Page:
CHICAGO (WDRB) -- Dick Vitale is never short of opinions. He was scheduled to provide color commentary for tonight's Champions Classic on ESPN, but before that, he talked about the four coaches who would lead teams in the event.
Before even arriving at the arena, Vitale Tweeted that the University of Kentucky's John Calipari, Michigan State's Tom Izzo and Kansas' Bill Self all would be Naismith Basketball Hall of Famers. Later, he included Florida's Billy Donovan on that list. (Duke's Mike Krzyzewski, who also will coach in the Champions Classic, already is a member of the Hall.)
Vitale said Calipari's credentials already are strong, and soon will be undeniable.
"For John, I think a lot of people will bring up, well, two schools had to take the banners down, the whole bit," Vitale said. "Bottom line is, he is going to win so much that he cannot be denied. Just like Jerry Tarkanian was not denied. Eventually, you have to recognize what he achieved. Plus, he was never, ever accused by the NCAA in either case. A lot of people don't want to buy that, but that is a fact. The NCAA cleared him of any involvement or knowledge of what had transpired."
Vitale is sold on UK's talent, but doesn't know if it's ready for a prime-time matchup with Michigan State. He has his doubts about Calipari being able to maintain chemistry within the Cats' loaded roster, but says he believes Calipari has the ability to make it work.
"The beauty of basketball is chemistry, playing together, unselfishness, sharing the ball, minutes, how you handle the minutes, how you handle the academics," Vitale said. "Two years ago, John had in the palm of his hands two of the greatest young men you would want to coach. And if you talked to them, you knew that, in Anthony (Davis) and Michael Kidd-Gilchrist. And that was such a unique and special group. I think the true indicator, and you don't have to be a genius to figure it out, Kentucky, the real evaluation is going to come January and February. These kids need time to grow.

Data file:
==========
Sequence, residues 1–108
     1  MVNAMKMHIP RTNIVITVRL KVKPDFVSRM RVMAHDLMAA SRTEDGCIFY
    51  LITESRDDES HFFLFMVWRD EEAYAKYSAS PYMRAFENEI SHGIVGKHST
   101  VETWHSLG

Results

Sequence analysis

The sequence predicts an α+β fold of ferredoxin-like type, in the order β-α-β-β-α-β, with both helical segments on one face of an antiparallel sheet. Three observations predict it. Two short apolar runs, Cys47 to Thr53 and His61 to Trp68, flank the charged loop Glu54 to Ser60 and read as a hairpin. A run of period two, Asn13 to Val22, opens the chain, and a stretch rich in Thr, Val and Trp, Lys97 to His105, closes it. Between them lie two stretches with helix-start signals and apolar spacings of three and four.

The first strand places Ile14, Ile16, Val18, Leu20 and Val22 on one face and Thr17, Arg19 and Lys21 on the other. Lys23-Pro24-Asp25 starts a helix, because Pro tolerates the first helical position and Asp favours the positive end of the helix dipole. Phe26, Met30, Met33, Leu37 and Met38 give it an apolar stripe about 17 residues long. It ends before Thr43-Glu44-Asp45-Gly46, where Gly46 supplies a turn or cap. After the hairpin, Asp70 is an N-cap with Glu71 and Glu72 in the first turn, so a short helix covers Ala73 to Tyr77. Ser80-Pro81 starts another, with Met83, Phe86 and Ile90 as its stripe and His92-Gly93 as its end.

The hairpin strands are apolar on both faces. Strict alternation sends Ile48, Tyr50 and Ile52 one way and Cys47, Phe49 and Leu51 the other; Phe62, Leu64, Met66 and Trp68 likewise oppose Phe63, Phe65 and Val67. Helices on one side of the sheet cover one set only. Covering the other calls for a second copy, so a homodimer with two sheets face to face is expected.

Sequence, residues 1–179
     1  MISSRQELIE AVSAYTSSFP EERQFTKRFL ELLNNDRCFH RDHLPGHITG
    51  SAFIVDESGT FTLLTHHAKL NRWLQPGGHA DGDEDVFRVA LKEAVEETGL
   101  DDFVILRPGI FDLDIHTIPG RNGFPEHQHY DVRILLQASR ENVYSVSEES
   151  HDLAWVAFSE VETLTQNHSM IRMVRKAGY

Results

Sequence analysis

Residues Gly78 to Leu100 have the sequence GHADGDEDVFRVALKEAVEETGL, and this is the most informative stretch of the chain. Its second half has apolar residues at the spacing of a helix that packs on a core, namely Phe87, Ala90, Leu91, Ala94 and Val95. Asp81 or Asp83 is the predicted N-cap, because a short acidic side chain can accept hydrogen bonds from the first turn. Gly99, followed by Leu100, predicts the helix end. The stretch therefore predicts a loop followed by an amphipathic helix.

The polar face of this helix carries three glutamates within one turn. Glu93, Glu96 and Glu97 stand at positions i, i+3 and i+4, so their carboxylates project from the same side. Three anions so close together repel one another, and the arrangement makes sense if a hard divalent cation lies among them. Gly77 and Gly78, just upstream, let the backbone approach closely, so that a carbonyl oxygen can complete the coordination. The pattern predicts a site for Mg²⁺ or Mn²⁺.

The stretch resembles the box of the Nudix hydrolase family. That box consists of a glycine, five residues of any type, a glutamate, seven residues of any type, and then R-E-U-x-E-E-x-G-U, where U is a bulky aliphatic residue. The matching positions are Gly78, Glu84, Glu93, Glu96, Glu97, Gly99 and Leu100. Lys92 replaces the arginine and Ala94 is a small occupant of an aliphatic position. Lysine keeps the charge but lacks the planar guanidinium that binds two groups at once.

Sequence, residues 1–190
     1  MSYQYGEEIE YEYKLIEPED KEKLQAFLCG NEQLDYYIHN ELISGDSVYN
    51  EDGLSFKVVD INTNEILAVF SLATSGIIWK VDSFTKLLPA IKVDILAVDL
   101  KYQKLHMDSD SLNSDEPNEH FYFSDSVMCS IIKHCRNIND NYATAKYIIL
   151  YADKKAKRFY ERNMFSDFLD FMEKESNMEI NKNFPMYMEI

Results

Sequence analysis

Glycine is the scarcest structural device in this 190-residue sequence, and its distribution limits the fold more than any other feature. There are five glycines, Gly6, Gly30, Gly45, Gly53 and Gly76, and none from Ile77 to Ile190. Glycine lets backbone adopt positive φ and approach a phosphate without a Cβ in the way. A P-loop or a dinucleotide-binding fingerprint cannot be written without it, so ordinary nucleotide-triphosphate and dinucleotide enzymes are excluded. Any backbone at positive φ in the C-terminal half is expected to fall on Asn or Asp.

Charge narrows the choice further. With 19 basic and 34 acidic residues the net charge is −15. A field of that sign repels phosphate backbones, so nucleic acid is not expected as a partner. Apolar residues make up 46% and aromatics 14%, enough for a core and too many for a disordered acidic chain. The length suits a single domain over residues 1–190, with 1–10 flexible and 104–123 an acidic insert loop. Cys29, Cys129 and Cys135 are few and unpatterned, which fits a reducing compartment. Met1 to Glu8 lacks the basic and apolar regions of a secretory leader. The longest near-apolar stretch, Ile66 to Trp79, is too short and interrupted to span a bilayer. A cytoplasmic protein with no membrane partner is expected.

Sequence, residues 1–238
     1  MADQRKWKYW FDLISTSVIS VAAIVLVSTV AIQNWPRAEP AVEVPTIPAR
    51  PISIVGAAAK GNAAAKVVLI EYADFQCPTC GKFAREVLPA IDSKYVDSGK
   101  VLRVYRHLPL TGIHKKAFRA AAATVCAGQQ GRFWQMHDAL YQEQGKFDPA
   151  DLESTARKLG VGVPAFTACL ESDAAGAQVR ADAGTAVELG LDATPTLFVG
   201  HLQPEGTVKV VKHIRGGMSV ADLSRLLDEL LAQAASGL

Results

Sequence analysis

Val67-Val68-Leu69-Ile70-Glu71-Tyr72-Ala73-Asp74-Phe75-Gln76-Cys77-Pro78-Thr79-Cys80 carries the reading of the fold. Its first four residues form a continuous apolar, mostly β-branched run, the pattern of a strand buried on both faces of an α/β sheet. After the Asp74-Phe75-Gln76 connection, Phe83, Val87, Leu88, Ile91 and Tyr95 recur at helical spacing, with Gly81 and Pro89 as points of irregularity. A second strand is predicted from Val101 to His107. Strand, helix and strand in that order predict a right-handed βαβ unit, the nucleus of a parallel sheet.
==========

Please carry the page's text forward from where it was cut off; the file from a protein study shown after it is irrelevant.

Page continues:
"The other thing that I think is a major factor, and I know John doesn't seem concerned about it but if I were coaching I would be, is those minutes, keeping people content. Great players aren't going to buy into 18-20 minutes. You can do that beating up on people. But you start to play people like tonight, those minutes, you're going to get a better indication of who the key players really are. . . . Dr. Calipari is going to become a psychologist. He'll deal with more psychology than going to Harvard. But he's good at that. It's one of his great strengths.
Vitale said he doesn't like one-and-dones in college basketball. He's said it before, many times. But he doesn't fault Calipari for his recruiting success.
"I don't like it, but the bottom line when you think about it, is what is he doing wrong?" Vitale said. "Who would say no to Julius Randle? Who would say no to the Harrison kids? He's just better at it than a lot of other people. He's just following the rule that exists. He has no other choice. The bottom line is to get the best players."